Ever since I was a child, my parents have always told me that I was good at arguing. However, in Dr. Hillman’s COM 267L Introduction to Debate class, I learned that there was a difference between arguing and argumentation. I had never taken a formal debate class before, so I was not sure what to expect going into this course.
In class, each one of us was a part of a debate group, which was then split into two sides for argumentation purposes. In these groups, we were given the opportunity in class to participate in two debates: the Parliamentary Debate, and the Lincoln-Douglas Debate. Each set of partners in the debate groups were put on a side: Constructive vs. Opposition for the Parliamentary Debates, and Opposition vs. Negative for the Lincoln-Douglas debates. From this experience, we were able to apply our knowledge of argumentation from the classroom by putting it into practice. We were able to learn so much about a wide variety of topics, ranging from whether or not schools should adopt a year-round schooling policy to whether animals should be subject to cosmetic or medical experimentation. Because we not only did the research for our own debates, but were able to participate in our classmates’ debates by snapping or knocking on tables in agreement with their arguments, we learned a lot about argumentation itself, but were also exposed to many social issues, and were able to express our opinions in an organized and respectful way.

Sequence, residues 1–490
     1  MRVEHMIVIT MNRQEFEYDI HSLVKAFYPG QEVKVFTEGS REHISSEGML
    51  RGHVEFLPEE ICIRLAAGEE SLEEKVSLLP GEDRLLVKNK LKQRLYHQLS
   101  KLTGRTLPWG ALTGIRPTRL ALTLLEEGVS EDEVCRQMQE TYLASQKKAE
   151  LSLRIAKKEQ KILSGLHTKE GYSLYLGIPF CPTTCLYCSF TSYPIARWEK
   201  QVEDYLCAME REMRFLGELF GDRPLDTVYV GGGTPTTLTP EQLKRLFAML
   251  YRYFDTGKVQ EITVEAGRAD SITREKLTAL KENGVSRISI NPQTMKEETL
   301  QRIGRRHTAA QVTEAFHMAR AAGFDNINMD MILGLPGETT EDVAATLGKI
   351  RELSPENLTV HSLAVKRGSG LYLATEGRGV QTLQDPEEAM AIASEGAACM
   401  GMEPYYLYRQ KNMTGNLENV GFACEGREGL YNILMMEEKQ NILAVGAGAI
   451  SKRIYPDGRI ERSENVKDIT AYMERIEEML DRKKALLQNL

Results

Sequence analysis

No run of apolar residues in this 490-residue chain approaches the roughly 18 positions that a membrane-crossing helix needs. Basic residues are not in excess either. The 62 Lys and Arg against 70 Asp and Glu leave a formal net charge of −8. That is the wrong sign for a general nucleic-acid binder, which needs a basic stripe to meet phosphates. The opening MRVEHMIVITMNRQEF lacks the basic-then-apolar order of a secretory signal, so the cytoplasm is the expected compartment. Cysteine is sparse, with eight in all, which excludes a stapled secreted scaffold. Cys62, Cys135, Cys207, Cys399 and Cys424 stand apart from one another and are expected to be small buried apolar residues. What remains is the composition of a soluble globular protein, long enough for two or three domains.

Throughout the semester, we were taught valuable skills such as facilitating critical thinking on a variety of issues, spotting holes in others’ arguments, and establishing a point or an argument in a logical, respectful, and constructive way. These skills we learned in COM 267L are skills that we will be able to take with us after the semester ends, and will be critical as we grow as leaders.